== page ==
Buying a commercial building: VAT savings

A company is about to buy the freehold of a new office for £250,000 plus VAT. They will trade from the commercial property and not rent it out or sublet it to tenants. What deceptively simple tips can save them money?

Buying a commercial building: VAT savings

Option to tax

The company is being charged VAT because the seller has opted to tax the property with HMRC. They must therefore ask the seller for a copy of HMRC’s letter to confirm that a valid election has been made. This is important because input tax can only be claimed by a business if VAT has been correctly charged in the first place.

If the business owns any commercial property which it has opted to tax in the past, it is important for it to check it holds the option to tax letter issued by HMRC as part of their records in case they decide to sell it in the future. It can take six to eight weeks for HMRC to issue copy letters, which can lead to frustrating delays.

20-year rule

The next challenge is to see if the seller’s option to tax election with HMRC took effect more than 20 years ago. If so, it can be revoked by the seller. The commercial property sale will then be exempt from VAT again. The seller must complete VAT 1615J and submit it to HMRC before the price of the deal is legally fixed, usually at exchange of contracts.

The advantage of a property purchase being exempt from VAT is that it saves the buyer having to fund the payment of VAT for possibly three months before they can claim input tax on their next VAT return. They will also save stamp duty land tax which is charged on the VAT-inclusive price of a deal.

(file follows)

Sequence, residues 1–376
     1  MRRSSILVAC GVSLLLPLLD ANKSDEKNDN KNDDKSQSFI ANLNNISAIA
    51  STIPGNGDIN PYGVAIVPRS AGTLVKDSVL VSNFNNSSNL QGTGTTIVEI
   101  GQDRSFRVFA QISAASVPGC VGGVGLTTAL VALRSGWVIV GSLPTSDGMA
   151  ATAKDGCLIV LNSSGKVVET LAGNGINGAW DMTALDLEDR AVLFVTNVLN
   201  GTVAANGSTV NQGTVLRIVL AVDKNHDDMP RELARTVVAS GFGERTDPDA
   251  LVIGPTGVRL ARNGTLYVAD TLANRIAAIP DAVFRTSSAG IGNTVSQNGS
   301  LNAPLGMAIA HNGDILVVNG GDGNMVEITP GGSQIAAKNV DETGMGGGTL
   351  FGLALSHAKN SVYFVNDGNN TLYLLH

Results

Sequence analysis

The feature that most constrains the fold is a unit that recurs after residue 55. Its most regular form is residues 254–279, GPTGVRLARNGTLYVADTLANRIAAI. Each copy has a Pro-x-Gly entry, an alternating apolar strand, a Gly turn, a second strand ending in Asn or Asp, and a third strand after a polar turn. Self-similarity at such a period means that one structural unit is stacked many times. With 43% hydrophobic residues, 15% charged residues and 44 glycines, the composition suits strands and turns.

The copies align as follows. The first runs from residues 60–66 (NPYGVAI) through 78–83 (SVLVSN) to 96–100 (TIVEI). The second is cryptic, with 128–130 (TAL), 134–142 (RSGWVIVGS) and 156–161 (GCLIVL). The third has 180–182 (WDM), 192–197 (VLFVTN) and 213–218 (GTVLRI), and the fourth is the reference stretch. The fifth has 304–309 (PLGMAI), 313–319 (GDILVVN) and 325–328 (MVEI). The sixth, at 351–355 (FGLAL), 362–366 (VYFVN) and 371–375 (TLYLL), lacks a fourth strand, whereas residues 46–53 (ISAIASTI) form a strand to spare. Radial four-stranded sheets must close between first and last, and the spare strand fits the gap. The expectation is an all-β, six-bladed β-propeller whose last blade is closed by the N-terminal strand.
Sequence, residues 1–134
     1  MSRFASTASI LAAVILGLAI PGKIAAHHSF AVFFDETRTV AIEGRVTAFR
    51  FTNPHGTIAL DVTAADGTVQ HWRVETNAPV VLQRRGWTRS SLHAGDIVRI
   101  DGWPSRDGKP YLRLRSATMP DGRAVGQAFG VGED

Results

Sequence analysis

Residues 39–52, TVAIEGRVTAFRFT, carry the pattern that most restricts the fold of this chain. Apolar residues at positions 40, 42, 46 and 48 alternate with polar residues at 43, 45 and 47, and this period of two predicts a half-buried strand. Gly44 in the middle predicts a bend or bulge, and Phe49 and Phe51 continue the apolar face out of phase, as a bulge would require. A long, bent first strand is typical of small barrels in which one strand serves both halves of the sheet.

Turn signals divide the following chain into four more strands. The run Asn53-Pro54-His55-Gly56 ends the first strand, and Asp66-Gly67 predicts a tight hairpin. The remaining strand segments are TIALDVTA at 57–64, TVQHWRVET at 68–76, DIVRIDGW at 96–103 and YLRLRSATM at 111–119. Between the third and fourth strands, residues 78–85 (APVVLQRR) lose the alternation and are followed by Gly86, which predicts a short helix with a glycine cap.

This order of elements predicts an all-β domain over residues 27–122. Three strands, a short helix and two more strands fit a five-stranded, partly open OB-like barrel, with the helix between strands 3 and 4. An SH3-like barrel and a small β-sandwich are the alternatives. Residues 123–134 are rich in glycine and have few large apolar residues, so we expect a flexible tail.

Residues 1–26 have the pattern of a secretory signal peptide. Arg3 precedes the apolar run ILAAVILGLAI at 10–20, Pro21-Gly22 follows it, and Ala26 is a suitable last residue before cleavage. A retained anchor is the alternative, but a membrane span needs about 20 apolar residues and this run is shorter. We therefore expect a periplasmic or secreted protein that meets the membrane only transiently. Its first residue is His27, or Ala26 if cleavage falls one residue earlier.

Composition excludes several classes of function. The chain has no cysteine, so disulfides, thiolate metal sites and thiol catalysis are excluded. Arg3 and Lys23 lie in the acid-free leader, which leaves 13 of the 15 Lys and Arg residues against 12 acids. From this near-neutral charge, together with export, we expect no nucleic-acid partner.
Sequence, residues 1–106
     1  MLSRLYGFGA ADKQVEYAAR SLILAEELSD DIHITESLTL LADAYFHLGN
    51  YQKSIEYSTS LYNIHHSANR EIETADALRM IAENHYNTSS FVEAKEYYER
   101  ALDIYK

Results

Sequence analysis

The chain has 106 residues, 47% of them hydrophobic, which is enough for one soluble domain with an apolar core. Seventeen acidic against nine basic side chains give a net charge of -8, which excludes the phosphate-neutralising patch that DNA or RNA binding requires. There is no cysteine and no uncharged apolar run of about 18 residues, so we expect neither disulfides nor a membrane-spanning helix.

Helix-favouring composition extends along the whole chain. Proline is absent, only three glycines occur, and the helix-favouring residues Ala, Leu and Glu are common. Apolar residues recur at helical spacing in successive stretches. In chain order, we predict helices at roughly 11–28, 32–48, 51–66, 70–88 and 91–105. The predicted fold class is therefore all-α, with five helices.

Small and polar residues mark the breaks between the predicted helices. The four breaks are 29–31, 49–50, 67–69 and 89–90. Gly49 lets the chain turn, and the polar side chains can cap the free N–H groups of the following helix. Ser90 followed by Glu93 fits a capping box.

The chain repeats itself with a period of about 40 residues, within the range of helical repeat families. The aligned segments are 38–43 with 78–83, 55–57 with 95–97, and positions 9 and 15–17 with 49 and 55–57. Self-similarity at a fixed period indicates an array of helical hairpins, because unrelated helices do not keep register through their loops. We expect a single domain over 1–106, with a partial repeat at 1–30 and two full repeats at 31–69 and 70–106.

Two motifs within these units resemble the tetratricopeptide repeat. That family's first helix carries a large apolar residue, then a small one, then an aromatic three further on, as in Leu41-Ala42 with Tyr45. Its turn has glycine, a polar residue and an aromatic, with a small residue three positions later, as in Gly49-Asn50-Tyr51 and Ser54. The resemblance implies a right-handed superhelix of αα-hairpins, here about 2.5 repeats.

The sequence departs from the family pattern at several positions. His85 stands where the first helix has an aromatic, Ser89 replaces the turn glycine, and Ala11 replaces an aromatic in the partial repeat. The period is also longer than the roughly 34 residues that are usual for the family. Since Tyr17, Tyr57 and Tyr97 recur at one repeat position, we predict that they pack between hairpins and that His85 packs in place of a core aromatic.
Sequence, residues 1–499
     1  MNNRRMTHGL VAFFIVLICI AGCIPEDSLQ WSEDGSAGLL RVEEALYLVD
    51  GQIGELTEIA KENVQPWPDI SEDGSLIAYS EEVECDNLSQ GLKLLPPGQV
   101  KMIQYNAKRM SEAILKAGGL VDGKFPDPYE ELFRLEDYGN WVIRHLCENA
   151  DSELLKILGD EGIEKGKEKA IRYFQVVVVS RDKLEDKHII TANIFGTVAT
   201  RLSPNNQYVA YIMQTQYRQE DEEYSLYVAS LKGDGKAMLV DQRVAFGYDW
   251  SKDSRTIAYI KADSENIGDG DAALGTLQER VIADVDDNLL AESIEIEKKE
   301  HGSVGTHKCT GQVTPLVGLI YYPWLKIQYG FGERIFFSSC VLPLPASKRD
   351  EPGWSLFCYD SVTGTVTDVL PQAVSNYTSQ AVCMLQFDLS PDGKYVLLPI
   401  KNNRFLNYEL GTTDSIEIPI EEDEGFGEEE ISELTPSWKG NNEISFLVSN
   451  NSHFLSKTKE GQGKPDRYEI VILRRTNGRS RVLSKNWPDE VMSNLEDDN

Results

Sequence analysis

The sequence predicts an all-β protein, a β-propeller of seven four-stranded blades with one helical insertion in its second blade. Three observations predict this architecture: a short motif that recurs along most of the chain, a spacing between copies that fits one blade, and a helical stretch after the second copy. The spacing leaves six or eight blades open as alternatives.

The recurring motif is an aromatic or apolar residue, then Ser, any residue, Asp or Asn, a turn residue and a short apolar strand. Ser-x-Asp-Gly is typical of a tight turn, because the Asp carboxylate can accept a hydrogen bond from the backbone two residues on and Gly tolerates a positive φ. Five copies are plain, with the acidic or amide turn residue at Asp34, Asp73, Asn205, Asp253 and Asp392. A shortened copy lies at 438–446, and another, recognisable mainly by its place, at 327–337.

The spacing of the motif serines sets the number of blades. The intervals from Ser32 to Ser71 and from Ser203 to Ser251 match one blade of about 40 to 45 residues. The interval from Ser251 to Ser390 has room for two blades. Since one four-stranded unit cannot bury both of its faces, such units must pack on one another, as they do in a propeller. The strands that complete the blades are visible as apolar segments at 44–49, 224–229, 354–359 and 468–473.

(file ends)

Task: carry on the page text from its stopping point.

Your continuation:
The seller will need to check that revoking their option to tax election does not create problems with their own VAT returns, e.g. capital goods scheme adjustments.

Input tax

As the company will use the office wholly for their taxable business activities, input tax can be fully claimed on the purchase price. But if any part of the building is used to generate VAT-exempt income, input tax would have to be apportioned according to the company's partial exemption method.

There is no need to opt to tax the property as a condition of claiming input tax. That would only be relevant if there was an intention to sublet the building, i.e. so that rental income would be taxable rather than exempt, therefore avoiding an input tax restriction on building expenses with partial exemption.

Discount to save money

If a property costs £250,000 or more excluding VAT, input tax claimed by the buyer is subject to annual adjustments for the next ten years with the capital goods scheme. This might cause a problem forthe buyer if they change the nature of their business during that period, e.g. to include some exempt trading. It is therefore suggested that the company asks the seller for a £1 discount on the agreed purchase price. A deal for £249,999 plus VAT will take the property out of the scheme.